Erard, B., and F. Vaillancourt (1993). “The Compliance Costs of a Separate Personal Income Tax system for Ontario: Simulations for 1991,” in Maslove, A., ed., Taxation in a Subnational Jurisdiction, pp. 137–170. Toronto: University from Toronto Press (Fair Tax Commission).
Granatstein, J. L. (1975). Canada's War: The Politics of the Mackenzie King Government, 1939–1945.Toronto: Oxford University Press.
Lachance, R., and F. Vaillancourt (2001). “Québec's Tax on Income: Evolution, Status and Evaluation,” in Brown, Douglas, ed., Tax Competition and the Fiscal Union: Balancing Competition and Harmonization in Canada, pp. 39–47. Kingston: Institute of Intergovernmental Relations.
Lindblom, C. E. (1968). The Policy-Making Process. Englewood Cliffs, NJ: Prentice-Hall.
McRoberts, K. (1988). Québec: Social Change and Political Crisis, 3rd edition. Toronto: McClelland and Stewart.
Meisel, J., and Rocher, G. (1999). Si je me souviens bien/As I recall: Regards sur l'histoire.Montreal: L'Institut de Recherche en Politiques Publiques.
Mintz, J., and Smart, M. (2002). “Why Québec's Tax-Point Transfers Are a Good Idea,” The National Post, March 25.
Mohindra, N. (2002). Securities Market Regulations in Canada. Vancouver: Fraser Institute Critical Issues Bulletin.
Moore, A. M., Perry, J. H., and Beach, D. I. (1966). The Financing of Canadian Federation: The First Hundred Years. Toronto: Canadian Tax Foundation.
Ontario Economic Council (1983). A Separate Personal Income Tax for Ontario. Toronto: Ontario Economic Council.
Ontario Securities Commission LLP (2002). Five Year Review Committee Draft Report Reviewing the Securities Act.
Perry, D. B. (1977). Financing the Canadian Federation, 1867–1995: Setting the Stage for Change. Toronto: Canadian Tax Foundation.
Perry, J. H. (1989). A Fiscal History of Canada – The Postwar Years. Toronto: Canadian Tax Foundation.
Popper, K. (1957). The Poverty of Historicism. London: Routledge & Kegan Paul.
Porter Commission (1966). Report of the Royal Commission on Banking and Finance (Ottawa).
Richards, J. (2002). The Paradox of the Social Union Framework Agreement, Backgrounder No. 59. Toronto: C.D. Howe Research Institute.
Russell, P. H. (1993). Constitutional Odyssey: Can Canadians Become a Sovereign People?Toronto: University of Toronto Press.
Séguin Commission (2002). Commission on Fiscal Imbalance, A New Division of Canada's Financial Resources (Québec).
Simeon, R. (1978). Federal-Provincial Diplomacy. Toronto: University of Toronto Press.
Simon, H. (1956). Administrative Behavior, 2nd edition. New York: The Free Press.
Smith, E. H. (1998). Federal-Provincial Tax Sharing and Centralized Tax Collection in Canada, Special Studies in Taxation and Public Finance No. 1. Toronto: Canadian Tax Foundation.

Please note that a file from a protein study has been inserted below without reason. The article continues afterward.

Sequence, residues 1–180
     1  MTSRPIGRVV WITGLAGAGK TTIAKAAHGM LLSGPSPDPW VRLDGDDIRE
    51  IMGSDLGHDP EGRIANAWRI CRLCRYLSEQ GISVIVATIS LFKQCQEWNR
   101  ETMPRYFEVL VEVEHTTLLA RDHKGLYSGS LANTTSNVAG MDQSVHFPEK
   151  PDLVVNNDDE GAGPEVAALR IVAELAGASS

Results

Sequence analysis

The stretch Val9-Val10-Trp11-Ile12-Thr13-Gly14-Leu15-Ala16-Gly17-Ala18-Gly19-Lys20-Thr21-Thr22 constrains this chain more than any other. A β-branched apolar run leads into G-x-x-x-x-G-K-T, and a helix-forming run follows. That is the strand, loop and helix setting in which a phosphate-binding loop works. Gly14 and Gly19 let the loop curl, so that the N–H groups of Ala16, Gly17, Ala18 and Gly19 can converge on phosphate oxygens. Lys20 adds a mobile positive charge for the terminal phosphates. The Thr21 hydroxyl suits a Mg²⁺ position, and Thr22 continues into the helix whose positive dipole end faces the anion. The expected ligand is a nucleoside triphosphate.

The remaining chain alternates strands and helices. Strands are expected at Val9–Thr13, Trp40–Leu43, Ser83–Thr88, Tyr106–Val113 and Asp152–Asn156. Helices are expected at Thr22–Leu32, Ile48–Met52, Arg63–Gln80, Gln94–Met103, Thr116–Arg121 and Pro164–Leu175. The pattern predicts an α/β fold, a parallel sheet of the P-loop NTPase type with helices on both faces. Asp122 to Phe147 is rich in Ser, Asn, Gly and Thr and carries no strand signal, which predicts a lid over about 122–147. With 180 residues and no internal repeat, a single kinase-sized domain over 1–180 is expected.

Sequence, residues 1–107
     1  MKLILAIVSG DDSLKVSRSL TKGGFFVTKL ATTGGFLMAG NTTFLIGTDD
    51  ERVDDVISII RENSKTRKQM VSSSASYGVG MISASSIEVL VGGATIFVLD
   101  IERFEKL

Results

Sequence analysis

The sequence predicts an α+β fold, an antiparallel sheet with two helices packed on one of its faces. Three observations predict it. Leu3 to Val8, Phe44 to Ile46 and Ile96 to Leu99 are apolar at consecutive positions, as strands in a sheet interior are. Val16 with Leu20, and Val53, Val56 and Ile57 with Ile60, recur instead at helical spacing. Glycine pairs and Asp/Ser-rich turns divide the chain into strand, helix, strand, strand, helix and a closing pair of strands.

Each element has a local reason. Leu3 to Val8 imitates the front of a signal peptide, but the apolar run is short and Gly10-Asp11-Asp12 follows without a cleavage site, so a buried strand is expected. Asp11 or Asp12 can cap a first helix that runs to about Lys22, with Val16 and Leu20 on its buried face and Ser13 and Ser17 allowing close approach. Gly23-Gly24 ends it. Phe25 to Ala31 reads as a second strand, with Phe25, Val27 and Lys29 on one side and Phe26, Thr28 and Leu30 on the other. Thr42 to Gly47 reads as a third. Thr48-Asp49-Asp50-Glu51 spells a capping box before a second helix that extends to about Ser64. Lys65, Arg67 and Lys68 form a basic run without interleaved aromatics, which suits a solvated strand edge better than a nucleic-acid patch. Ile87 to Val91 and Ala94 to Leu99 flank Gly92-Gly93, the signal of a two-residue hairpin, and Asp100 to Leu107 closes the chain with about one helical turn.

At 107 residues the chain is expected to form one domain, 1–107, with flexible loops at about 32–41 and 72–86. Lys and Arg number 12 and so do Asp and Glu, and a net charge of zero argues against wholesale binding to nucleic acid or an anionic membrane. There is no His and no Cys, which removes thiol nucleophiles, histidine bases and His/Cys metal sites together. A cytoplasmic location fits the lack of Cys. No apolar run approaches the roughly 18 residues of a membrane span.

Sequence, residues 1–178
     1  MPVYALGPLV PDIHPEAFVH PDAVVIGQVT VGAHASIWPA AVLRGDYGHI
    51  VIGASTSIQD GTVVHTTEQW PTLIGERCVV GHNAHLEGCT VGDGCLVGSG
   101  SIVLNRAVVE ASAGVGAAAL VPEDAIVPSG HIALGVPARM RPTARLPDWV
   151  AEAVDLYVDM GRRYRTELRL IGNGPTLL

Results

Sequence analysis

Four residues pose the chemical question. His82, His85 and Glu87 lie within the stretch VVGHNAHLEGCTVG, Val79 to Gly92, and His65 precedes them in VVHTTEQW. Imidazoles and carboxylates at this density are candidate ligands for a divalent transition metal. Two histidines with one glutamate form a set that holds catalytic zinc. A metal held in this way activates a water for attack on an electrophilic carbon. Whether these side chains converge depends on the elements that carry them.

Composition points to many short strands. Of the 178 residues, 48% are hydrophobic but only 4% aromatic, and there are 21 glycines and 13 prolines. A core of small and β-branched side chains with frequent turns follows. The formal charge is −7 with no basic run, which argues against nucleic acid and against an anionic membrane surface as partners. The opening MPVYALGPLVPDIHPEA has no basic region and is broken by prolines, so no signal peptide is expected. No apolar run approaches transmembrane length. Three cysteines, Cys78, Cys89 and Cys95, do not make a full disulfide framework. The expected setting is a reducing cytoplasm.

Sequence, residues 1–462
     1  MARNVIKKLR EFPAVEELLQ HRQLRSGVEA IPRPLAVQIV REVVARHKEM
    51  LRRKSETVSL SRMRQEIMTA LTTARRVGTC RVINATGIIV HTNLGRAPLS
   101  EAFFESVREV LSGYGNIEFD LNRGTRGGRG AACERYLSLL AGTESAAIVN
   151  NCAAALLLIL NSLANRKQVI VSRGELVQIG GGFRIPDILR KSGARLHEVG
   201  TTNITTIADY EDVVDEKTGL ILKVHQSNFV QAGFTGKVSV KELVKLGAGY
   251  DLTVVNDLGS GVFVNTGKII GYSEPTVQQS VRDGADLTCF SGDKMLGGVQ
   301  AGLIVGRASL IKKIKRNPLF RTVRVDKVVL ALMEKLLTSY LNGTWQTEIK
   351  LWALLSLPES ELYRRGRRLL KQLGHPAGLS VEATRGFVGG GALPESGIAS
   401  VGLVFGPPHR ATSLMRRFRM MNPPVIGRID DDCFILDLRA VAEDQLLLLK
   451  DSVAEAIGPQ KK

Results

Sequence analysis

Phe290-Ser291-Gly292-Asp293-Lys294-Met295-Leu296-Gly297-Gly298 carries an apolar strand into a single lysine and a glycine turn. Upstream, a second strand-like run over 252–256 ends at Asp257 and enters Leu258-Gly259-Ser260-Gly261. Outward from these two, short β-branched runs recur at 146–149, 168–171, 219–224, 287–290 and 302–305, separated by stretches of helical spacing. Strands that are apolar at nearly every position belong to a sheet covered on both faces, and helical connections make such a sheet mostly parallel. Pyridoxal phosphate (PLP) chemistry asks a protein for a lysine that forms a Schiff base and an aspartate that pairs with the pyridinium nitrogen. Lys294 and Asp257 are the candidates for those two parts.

Tindal, C. R., and Tindal, S. N. (2000). Local Government in Canada, 5th edition. Scarborough, ON: Nelson Thomson Learning.
Trebilcock, M., and Schwanen, D., eds. (1995). Getting There: An Assessment of the Agreement on Internal Trade. Toronto: C.D. Howe Institute.
Trebilcock, M., Pritchard, J., Whalley, J., and Courchene, T. (1983). Federalism and the Canadian Economic Union. Toronto: University of Toronto Press.
Tse, D. (1994). “Establishing a Federal Securities Commission,” Saskatchewan Law Review 58 (1): 427–440.
Turgeon, M., and Vaillancourt, F. (2002). “The Provision of Highways in Canada and the Federal Government,” Publius 32(1): 161–180.
Vaillancourt, F. (1996). “Language and Socioeconomic Status in Québec: Measurement, Findings, Determinants and Policy Costs,” International Journal of the Sociology of Language, Special Issue on Economic Approaches to Language and Language Planning, 121: 69–92.
Vaillancourt, F. (1997). “Labour Sponsored Venture Capital Funds in Canada: Institutional Aspects Tax Expenditures and Employment Creation”, in Halpern, P., ed., Financing Growth in Canada, pp. 571–592. Calgary: University of Calgary Press (Industry Canada).
Vaillancourt, F. (2000a). “Federal-Provincial Small Transfer Programs in Canada, 1957–1998: Importance, Composition and Evaluation,” in Lazar, H., ed., Canada: The State of the Federation 1999/2000, pp. 189–212. Kingston: IIGR, Queen's University.
Vaillancourt, F. (2000b). “The Québec Pension Plan,” in P, Boothe, ed., A Separate Pension Plan for Alberta, pp. 23–40 Western Studies in Economic Policy No. 5. Edmonton: Institute for Public Economics, University of Alberta Press.
Vaillancourt, F., and Rault, S. (2003). “The Regional Dimension of Federal Intergovernmental and Interpersonal Transfers in Canada, 1981–2001,” Regional and Federal Studies 13(4): 130–152.
Vander Ploeg, C. (2000). Canadian Intergovernmental Agreements on Immigration, Background Paper 2, A National Conference on Canadian Immigration, Canada West Foundation.
Weingast, B. (1995). “The Economic Role of Political Institutions: Market-Preserving Federalism,” Journal of Law, Economics, and Organization 11: 1–31.